It can be easy for us to feel like there is not a lot that we can do to build interest when performing sales prospecting. Either the prospect will need and want our product, or they won’t. And with that being the case, we can fall into believing that all we can really do is talk about our product and what it does, and then the prospect will either have interest or not.

This is not the correct and optimum line of thinking as you have a tremendous amount of control over building interest, and it does not involve just talking about your product. An important thing to grasp is that actually talking too much about your product at early sales cycle stages can actually decrease interest.

Interest is essentially curiosity. And there are a number of things to discuss to trigger curiosity. Here are a few:

  • Focus on the value that you offer
  • Outline how you differ from other options
  • Discuss the impacts if the prospect does not do anything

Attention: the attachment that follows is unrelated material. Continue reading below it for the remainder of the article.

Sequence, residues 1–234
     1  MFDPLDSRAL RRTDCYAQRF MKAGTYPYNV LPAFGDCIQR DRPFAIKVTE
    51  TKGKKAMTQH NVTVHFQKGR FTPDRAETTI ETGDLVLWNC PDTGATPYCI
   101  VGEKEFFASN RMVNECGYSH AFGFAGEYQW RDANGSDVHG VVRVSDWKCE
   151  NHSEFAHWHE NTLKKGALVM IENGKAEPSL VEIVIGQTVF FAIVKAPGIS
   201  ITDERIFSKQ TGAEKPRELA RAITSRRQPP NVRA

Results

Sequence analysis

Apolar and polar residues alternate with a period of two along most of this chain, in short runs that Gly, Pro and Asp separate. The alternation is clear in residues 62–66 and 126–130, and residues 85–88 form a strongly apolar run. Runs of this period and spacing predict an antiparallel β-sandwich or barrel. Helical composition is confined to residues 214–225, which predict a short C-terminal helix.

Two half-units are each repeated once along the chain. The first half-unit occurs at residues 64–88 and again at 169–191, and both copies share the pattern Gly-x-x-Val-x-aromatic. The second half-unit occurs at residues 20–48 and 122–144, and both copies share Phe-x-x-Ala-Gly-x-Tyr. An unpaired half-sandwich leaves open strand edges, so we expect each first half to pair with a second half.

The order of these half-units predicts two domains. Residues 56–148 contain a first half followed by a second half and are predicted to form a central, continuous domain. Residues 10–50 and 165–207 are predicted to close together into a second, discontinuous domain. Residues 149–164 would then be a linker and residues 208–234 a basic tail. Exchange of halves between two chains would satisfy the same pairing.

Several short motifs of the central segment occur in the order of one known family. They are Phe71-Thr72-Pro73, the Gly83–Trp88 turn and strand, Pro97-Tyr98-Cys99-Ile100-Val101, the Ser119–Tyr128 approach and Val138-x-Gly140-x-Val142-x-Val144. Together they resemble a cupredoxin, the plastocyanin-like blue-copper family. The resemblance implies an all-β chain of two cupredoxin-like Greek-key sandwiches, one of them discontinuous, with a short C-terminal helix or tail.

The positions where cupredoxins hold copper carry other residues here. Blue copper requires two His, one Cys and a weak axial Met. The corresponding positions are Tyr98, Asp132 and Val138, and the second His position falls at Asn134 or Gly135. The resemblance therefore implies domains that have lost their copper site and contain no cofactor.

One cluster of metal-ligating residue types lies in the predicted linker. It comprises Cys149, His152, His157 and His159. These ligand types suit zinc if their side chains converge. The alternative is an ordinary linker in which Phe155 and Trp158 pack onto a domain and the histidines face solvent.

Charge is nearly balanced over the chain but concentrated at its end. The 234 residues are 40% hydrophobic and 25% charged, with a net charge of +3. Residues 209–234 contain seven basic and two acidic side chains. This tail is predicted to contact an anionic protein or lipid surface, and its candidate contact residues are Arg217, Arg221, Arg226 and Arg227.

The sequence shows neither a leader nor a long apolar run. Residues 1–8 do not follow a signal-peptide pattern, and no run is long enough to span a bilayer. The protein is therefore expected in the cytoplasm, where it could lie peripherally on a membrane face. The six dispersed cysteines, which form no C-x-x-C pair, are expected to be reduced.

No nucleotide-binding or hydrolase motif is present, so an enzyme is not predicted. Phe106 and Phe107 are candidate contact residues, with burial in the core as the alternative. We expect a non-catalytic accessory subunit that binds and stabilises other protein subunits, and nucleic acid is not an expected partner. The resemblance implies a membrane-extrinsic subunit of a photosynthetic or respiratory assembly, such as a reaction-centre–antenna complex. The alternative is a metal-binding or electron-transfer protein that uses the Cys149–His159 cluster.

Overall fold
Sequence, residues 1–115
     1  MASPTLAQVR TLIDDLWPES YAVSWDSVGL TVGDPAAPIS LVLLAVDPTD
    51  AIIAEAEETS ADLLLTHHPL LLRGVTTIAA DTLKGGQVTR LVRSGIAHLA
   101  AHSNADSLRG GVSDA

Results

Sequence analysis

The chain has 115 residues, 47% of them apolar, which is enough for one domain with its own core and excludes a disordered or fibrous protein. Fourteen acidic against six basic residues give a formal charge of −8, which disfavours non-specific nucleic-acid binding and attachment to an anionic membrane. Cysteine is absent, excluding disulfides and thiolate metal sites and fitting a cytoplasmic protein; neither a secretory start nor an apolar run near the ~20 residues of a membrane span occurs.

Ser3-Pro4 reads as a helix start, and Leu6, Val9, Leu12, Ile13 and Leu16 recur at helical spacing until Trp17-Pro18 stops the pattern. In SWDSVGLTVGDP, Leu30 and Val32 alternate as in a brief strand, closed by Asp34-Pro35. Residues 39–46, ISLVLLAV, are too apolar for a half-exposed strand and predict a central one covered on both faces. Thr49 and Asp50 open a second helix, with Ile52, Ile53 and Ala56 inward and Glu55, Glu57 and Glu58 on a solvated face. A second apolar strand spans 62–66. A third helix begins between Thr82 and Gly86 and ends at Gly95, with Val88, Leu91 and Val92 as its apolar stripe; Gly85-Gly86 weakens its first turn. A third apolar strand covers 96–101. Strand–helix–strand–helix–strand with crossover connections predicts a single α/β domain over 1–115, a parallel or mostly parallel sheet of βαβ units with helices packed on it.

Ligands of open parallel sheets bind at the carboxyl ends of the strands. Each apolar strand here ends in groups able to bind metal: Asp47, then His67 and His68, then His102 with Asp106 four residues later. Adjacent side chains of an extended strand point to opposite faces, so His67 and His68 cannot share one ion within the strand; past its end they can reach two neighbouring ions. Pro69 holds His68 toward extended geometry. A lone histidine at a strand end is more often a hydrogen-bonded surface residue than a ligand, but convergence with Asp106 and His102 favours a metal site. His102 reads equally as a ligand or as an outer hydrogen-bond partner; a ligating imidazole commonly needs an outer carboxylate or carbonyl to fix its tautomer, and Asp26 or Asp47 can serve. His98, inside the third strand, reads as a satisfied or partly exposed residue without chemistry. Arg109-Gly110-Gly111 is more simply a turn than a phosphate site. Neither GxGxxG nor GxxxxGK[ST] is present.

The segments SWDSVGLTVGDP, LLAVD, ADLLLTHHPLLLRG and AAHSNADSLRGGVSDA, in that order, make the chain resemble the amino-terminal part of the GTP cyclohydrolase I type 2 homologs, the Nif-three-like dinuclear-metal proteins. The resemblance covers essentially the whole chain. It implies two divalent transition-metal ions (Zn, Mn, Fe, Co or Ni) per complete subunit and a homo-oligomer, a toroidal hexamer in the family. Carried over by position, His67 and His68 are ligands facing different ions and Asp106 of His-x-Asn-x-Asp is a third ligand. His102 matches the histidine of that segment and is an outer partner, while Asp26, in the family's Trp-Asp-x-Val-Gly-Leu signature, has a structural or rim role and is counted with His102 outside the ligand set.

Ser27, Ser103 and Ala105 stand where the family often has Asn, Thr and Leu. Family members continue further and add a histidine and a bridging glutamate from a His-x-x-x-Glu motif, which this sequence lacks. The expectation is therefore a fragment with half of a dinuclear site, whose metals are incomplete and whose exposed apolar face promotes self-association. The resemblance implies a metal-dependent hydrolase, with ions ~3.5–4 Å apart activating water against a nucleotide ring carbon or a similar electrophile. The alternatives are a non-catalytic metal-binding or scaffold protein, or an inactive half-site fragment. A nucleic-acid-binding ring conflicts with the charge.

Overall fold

• Tell a story about how your products helped someone else
  • Communicate the ROI that you deliver
  • Paint a picture of a future state

When you are sales prospecting, you may be interacting with a prospect on a quick cold call or in an email, and you might not have a lot of time and attention to work with. As a result, you won’t be able to go into great detail in all or any of those. One way to implement this is to create statements that have some quick details for each of those categories.

Consider these statements to be silver bullets. And when you have these bullets, have them loaded up and deliver some of them when interacting with prospects. It is these silver bullets that will help when sales prospecting. You will know this when prospects start showing indicators of interest.

The important thing to always remember is that we don’t need to build enough interest so that the prospect purchases from us. We just need to build enough interest so that the prospect agrees to go on to the next stage in the sales process. If we are on a cold call, we just need to build enough interest so that the prospect agrees to meet with us or have a first conversation.